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Afghan Taliban announce 1st ceasefire for Eid holiday

The Afghan Taliban has announced a surprise three-day ceasefire over the Muslim Eid holiday in the middle of June, their first offer of its kind, days after the government declared an unconditional ceasefire of its own.

Ambassador describes announcement as an 'important step toward prospects for peace'

Afghanistan's President Ashraf Ghani speaks during a ceremony in Herat city, west of Kabul, Afghanistan. The Afghan Taliban have announced a three-day ceasefire over the Eid al-Fitr holiday at the end of the holy month of Ramadan, a first for the group, following an earlier ceasefire announcement by the government. (Hamed Sarfarazi/Associated Press)

The Afghan Taliban on Saturday announced a surprise three-day ceasefire over the Muslim Eid holiday in the middle of June, their first offer of its kind, days after the government declared an unconditional ceasefire of its own.

The militants said foreign forces would be excluded from the ceasefire and that operations against them would continue. They also said they would defend themselves against any attack.

"Members of the Taliban should not participate in public gatherings during the Eid festivities because the enemy could target us," they said in a statement.

The presidential palace welcomed the announcement and said it hoped it can lead to lasting peace. Omar Zakhilwal, Afghanistan's ambassador to neighbouring Pakistan, described the announcement as an "important step toward prospects for peace."

"Hope the pleasure of shedding no Afghan blood in Eid becomes so overwhelming that rest of year is also declared as Afghan Eid," he said on Twitter.

A Taliban fighter sits on his motorcycle adorned with a Taliban flag on a street in Kunduz, Afghanistan, on Sept. 29, 2015. (Associated Press)

It was not clear exactly when the ceasefire would begin, as Eid starts when the moon is first sighted, but Afghan calendars mark Friday, June 15, as the end of Ramadan.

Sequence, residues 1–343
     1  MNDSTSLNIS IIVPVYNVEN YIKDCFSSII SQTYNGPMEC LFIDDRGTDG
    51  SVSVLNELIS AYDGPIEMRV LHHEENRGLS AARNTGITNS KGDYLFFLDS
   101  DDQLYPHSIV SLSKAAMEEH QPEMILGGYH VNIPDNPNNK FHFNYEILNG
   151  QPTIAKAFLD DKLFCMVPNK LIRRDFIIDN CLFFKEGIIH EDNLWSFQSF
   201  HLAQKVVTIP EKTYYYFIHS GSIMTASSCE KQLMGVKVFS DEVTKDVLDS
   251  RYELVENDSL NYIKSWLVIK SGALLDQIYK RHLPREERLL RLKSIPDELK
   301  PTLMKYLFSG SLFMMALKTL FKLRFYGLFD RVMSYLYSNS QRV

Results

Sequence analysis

Eid is the biggest festival in the Muslim calendar, when families visit each other's homes, enjoy feasting and in Afghanistan tend graves of fallen loved ones. The Taliban, seeking to reimpose strict Islamic law after their 2001 ouster at the hands of U.S.-led troops, have launched attacks during Eid in the past.

"In three days, maybe the unity of Taliban insurgents will be put to test," a European diplomat told Reuters. "If different factions don't accept the ceasefire, then attacks will continue."

Political process

Afghan President Ashraf Ghani announced an unconditional ceasefire with the Taliban on Thursday until June 20, but excluding other militant groups, such as Islamic State.

Ghani's decision came after a meeting of Islamic clerics declared a fatwa, or ruling, against suicide bombings, one of which, claimed by Islamic State, killed 14 people at the entrance to the clerics' peace tent in Kabul.

The clerics also recommended a ceasefire with the Taliban and Ghani endorsed the recommendation.

Ghani in February offered recognition of the Taliban as a legitimate political group in a proposed political process that he said could lead to talks to end more than 16 years of war. Ghani proposed a ceasefire and a release of prisoners, among options including new elections involving the militants, and a constitutional review in a pact with the Taliban to end a conflict that last year alone killed or wounded more than 10,000 civilians.

In August, U.S. President Donald Trump unveiled a more hawkish military approach to Afghanistan, including a surge in airstrikes, aimed at forcing the Taliban to the negotiating table.

Afghan security forces say the impact has been significant, but the Taliban roam huge swaths of the country and, with foreign troop levels of about 15,600, down from 140,000 in 2014, there appears little hope of outright victory.

Violence continues

Just hours before the Taliban's announcement, at least 17 soldiers were killed when their checkpoint came under attack by Taliban fighters in western Herat province, said Gelani Farhad, spokesperson for the provincial governor.

Farhad said one soldier was wounded. He added that eight insurgents were killed and more than a dozen others were wounded in the gun battle in Zewal district.

Security personnel block the road after a suicide attack in Kabul on Monday. (Rahmat Gul/Associated Press)

In northern Kunduz province, at least 13 local policemen were killed early Saturday when their checkpoint came under an attack by Taliban fighters, said Nematullah Temori, spokesperson for the provincial governor.

Temori said seven others were wounded in Qala-e Zal district. Around 10 insurgents were also killed and nine others wounded during the battle, he said.

In eastern Nangarhar province, a possible candidate for a district council seat was killed when his vehicle was destroyed by a sticky bomb Saturday, said Mohammad Nasim, Rodat district governor.

The Islamic State group claimed responsibility for the attack in a statement posted on its news agency Aamaq website.

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